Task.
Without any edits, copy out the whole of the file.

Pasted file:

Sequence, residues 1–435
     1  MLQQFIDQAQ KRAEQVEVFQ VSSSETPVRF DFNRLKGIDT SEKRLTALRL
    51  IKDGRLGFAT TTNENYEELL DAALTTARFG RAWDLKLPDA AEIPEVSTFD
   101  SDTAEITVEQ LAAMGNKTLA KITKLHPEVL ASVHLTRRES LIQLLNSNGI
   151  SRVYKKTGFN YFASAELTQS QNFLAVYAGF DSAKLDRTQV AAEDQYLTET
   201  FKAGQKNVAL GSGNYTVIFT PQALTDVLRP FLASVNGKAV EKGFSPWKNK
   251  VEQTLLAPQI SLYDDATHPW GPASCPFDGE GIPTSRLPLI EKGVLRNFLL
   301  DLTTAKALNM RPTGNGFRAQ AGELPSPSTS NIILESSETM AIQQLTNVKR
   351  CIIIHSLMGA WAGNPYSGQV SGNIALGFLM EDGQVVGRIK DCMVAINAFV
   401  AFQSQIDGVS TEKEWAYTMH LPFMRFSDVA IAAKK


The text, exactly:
Sequence, residues 1–435
     1  MLQQFIDQAQ KRAEQVEVFQ VSSSETPVRF DFNRLKGIDT SEKRLTALRL
    51  IKDGRLGFAT TTNENYEELL DAALTTARFG RAWDLKLPDA AEIPEVSTFD
   101  SDTAEITVEQ LAAMGNKTLA KITKLHPEVL ASVHLTRRES LIQLLNSNGI
   151  SRVYKKTGFN YFASAELTQS QNFLAVYAGF DSAKLDRTQV AAEDQYLTET
   201  FKAGQKNVAL GSGNYTVIFT PQALTDVLRP FLASVNGKAV EKGFSPWKNK
   251  VEQTLLAPQI SLYDDATHPW GPASCPFDGE GIPTSRLPLI EKGVLRNFLL
   301  DLTTAKALNM RPTGNGFRAQ AGELPSPSTS NIILESSETM AIQQLTNVKR
   351  CIIIHSLMGA WAGNPYSGQV SGNIALGFLM EDGQVVGRIK DCMVAINAFV
   401  AFQSQIDGVS TEKEWAYTMH LPFMRFSDVA IAAKK